European diplomacy, led by France and the UK, was unsuccessful in leveraging help to end the conflict in Syria.
As the Syrian crisis intensified in 2012, Europeans sought to advance a political transition to meet the aspirations of the population and save the country from a descent into deep conflict. France and the UK led efforts to secure international action in the UNSC, but this was predictably and repeatedly blocked by Russia and China. However, Europeans, as part of the “Friends of Syria” initiative, also contributed to the failure of international diplomacy by failing to fully back the efforts of the UN–Arab League envoys, through their unconditional support for an opposition unwilling to countenance any deal with the regime, thereby excluding key Assad backers Iran and Russia. Europeans were also quick to engage in finger pointing at the expense of serious problem solving, which further damaged much-needed diplomatic channels.Having failed to give the political track full support, Europe also only offered half-hearted support for strengthening the rebel movement and its ability to win the battle militarily. A lack of political appetite for involvement in a new conflict and an EU arms embargo meant Europeans offered only meagre financial and non-lethal support, which in turn gave them little leverage among internal actors and in particular the moderate forces they wanted to support.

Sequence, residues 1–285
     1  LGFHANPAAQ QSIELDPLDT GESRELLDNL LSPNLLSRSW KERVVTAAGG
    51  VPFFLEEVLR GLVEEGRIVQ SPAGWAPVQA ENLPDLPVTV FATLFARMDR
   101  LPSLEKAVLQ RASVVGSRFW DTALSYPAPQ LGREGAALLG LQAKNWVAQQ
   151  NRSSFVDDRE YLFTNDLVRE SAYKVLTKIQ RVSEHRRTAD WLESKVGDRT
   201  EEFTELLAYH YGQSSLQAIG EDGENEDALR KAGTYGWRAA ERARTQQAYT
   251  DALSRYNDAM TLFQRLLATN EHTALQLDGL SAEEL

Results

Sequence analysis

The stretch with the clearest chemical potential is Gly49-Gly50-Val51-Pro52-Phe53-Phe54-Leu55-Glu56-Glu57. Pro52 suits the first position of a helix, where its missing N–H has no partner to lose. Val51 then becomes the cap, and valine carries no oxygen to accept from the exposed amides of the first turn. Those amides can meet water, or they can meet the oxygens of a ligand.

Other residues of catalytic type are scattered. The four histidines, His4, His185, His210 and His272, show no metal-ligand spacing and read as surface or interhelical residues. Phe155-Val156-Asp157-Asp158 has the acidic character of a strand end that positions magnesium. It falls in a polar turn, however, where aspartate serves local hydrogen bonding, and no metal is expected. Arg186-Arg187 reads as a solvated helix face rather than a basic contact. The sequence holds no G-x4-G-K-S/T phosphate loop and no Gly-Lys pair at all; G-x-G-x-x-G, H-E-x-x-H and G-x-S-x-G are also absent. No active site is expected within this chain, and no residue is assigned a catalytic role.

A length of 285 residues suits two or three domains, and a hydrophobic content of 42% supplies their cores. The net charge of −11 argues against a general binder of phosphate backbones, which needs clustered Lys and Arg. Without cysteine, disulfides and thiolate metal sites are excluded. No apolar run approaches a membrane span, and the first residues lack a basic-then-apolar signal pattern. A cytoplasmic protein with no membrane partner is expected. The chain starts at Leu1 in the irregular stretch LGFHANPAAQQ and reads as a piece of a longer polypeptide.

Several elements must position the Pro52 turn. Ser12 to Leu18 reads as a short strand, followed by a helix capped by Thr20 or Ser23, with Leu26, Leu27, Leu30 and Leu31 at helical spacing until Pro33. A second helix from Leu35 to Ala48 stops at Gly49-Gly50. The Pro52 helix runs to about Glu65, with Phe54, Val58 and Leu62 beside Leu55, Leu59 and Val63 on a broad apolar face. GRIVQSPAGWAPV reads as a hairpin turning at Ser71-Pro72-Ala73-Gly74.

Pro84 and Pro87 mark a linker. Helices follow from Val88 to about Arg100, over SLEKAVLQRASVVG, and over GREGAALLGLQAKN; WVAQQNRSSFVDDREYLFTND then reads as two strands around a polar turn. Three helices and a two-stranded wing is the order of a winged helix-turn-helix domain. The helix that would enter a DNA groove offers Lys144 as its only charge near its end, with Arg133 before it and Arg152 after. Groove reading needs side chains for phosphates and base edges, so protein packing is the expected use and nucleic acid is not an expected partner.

At the end of the year, France, Spain, and the UK recognised the new Syrian National Coalition opposition body as the sole legitimate representative of the Syrian people. Other EU member states followed suit at the year-end “Friends of Syria” meeting. France (which has been most forward-leaning in providing support to the rebels) and the UK have suggested considering arming the rebels but the EU arms embargo was renewed in early December for three months (instead of the default option of a year). In the face of these efforts, the civil war – which has growing sectarian and jihadist undertones – worsened, with at least 40,000 Syrians now dead. While Bashar al-Assad is slowly losing ground, he remains in power. The country and wider region now face a growing humanitarian crisis, with four million Syrians in desperate need of support within the country and external refugees numbering over 600,000.